Today’s spending round was unworthy of the name. It was, in reality, little more than a cynical pre-election stunt drawn up in the hope that taxpayers will fall for the mafiosi at the top of the British government bribing them with their own money.
Usually I’d try and offer some financial and economic analysis of the announcement; looking at what the chancellor was trying to do with this or that, what they missed, what the implications were for the public finances, the economy, and so on.
With this, hurried out before the Office for Budgetary Responsibility had the chance to downgrade its economic forecasts in response to the latest fairly dreadful data, there’s really no point.
We’ll tell you what’s true. You can form your own view.
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Don Dominic Cummings and his under boss Don Boris Johnson looked at the polling data, marked the areas of concern to voters, and sent Sajid Javid out to deliver it to a parliament the pair hold in contempt.
It’s a plan, like most of the ones they’ve cooked up, that didn’t work out too well.
No one would ever pretend Javid was a gifted orator.
But his stilted performance on his first big event was so bad it made his predecessor “Spreadsheet Phil” Hammond look like the charismatic god of numbers by comparison.
This was Stumbling Saj at his worst.
He’d been told to let loose the billions and you might have thought that spraying great chunks of other people’s around would have been a novel and exciting experience for a former banker turned Tory chancellor.
Here’s some billions for education. Here’s some for social care. Here’s some for defence. Veterans, rough sleepers, youth services, we love all of you. You can have some cash too.
Yet despite being ordered to cough up that trolley full of sweets, Javid looked for all the world as if he was the bloke in the corner with no mates at the accountants annual ball.
In twenty years of watching these things I can honestly say I have never seen a worse performance. Dismal doesn’t even begin to describe it.
It took him five minutes or so just to get to the subject of spending. First we had to listen to a monotone diatribe saying exactly the same thing as Boris Johnson’s been saying about Brexit, for which read: telling the same lies.
Speaker John Bercow had to intervene twice to tell him to get on with the business in hand.
He nonetheless ploughed on with desperate stuff about how awesome the UK economy is when in actuality it shrank in the second quarter and is looking more likely to fall into a full-scale Brexit recession courtesy of him and his colleagues by the day.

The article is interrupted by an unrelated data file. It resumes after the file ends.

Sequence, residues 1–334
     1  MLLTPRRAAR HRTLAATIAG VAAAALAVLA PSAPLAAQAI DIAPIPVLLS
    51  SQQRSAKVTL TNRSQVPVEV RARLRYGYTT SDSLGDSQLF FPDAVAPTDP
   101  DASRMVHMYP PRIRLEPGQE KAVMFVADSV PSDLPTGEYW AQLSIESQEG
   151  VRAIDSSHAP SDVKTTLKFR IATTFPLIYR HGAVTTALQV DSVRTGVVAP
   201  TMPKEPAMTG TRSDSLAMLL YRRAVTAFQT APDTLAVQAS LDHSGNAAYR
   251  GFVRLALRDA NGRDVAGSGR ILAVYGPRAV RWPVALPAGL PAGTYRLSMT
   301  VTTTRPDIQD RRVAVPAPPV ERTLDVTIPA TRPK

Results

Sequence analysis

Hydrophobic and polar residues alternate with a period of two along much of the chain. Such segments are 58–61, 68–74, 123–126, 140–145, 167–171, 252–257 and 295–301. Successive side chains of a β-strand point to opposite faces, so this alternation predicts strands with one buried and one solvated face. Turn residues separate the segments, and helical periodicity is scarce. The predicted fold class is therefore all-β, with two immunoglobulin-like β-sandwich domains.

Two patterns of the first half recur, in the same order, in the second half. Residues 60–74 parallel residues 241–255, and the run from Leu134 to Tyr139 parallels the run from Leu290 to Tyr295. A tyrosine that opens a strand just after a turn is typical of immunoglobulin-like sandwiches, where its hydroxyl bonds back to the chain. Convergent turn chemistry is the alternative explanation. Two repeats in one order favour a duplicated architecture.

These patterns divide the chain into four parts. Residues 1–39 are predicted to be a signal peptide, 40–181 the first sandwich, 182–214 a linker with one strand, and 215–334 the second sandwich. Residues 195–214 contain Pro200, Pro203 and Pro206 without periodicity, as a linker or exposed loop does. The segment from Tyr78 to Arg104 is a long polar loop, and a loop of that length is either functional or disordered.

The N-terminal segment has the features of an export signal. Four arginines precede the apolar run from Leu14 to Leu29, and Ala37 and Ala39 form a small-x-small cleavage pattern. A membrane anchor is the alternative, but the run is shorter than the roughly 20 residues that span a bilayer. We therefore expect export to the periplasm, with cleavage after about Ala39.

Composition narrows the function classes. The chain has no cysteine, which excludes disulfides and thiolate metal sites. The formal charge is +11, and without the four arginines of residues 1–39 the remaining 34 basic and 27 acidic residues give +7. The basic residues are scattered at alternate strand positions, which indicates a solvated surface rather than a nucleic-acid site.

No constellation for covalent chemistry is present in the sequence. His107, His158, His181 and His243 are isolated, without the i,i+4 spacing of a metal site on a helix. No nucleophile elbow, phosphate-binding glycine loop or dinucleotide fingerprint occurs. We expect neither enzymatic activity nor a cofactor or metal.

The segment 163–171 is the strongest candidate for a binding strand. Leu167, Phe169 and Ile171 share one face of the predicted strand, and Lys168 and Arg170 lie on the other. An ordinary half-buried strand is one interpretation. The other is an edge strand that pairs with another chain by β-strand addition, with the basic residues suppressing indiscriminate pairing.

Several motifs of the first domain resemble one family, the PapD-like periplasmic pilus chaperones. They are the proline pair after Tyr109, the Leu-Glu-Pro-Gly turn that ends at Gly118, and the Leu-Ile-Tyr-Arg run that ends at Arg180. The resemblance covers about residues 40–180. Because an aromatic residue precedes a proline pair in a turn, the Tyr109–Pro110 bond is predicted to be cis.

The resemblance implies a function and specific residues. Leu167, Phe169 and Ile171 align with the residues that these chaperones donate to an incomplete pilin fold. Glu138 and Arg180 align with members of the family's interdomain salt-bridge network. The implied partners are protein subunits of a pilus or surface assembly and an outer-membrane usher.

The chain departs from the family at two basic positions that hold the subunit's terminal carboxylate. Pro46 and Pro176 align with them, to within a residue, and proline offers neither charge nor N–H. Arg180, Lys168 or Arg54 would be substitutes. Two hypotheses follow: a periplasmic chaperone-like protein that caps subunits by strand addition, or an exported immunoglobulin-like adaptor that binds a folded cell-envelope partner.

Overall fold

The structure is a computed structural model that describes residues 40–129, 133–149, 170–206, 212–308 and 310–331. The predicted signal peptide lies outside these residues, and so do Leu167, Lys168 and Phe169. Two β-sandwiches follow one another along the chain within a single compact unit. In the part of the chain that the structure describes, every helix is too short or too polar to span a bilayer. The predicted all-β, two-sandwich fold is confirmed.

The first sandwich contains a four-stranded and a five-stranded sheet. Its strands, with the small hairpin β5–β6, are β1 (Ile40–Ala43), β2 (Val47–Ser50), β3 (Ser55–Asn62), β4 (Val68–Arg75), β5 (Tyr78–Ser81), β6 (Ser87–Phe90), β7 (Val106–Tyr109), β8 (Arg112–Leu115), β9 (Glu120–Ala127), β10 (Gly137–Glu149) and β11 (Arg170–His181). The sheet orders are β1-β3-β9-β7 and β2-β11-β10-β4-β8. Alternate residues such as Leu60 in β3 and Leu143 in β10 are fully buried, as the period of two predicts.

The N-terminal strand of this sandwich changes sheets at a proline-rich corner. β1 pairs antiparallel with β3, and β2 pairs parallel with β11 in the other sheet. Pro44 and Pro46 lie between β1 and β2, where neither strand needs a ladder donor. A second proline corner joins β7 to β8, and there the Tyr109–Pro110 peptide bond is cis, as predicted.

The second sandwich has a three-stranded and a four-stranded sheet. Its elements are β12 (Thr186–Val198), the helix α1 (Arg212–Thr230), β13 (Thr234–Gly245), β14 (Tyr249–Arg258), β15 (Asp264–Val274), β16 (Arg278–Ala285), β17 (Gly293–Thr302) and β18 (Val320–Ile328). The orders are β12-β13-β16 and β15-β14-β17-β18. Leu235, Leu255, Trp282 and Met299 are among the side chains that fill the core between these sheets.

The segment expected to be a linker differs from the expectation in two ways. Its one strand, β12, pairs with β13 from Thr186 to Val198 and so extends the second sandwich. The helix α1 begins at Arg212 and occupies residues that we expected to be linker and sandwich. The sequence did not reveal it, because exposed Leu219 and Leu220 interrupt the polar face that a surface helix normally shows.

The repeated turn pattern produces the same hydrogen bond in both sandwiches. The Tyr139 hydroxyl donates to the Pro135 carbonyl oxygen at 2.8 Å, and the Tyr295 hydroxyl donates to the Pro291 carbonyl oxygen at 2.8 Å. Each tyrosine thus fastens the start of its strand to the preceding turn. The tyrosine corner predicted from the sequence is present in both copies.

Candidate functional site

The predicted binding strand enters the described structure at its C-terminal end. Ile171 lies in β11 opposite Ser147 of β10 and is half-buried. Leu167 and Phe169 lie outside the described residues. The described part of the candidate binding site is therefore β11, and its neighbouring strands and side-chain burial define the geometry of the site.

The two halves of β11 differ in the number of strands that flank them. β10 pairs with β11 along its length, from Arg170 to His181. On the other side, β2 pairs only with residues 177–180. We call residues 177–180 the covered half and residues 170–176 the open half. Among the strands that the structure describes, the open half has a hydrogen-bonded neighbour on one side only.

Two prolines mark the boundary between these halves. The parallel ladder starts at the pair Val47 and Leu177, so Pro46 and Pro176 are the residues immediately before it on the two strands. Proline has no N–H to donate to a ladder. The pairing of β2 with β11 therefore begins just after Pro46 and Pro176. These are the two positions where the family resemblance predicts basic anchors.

When he finally got around to some actual spending pledges, he drew ironic cheers.
Even they died when the detail finally emerged.
It was half arsed even as bribes go, just some numbers plucked out of the air in an attempt to show the public that the Tory party has been reshaped in Don Dominic’s image and will now pretend it cares about the little guy as well as Brexit.
Except it doesn’t. John Appleby, chief economist at the Nuffield Trust, summed it up when he described the spending review as “a missed opportunity to turn around years of cuts to the crucial budgets that support the NHS and the patients who depend on it”. It wasn’t just health.
John McDonnell picked up that theme. Austerity, he correctly stated, was a choice not a necessity and a new chancellor claiming to end it delivered nothing more than a “compendium of meaningless platitudes”. They will all of them be under threat in the event of a no-deal Brexit anyway, on which he wasted yet another £2bn.
McDonnell wasn’t at his best but he didn’t need to be. A half dead rabbit would have looked good by comparison to Javid.
But perhaps the chancellor’s lack of conviction shouldn’t come as a great surprise. It was noted that he was deprived of a media guru when Don Dominic had his aide Sonia Khan removed from Downing Street by a gun toting copper. But he didn’t really need one. He is himself little more than a PR man for his bosses
He’d better step up his game as regards to that or he’ll find that he’s next out of the building, perhaps in the gun toting company of one of the new officers Johnson wants to hire to polish up his law and order credentials.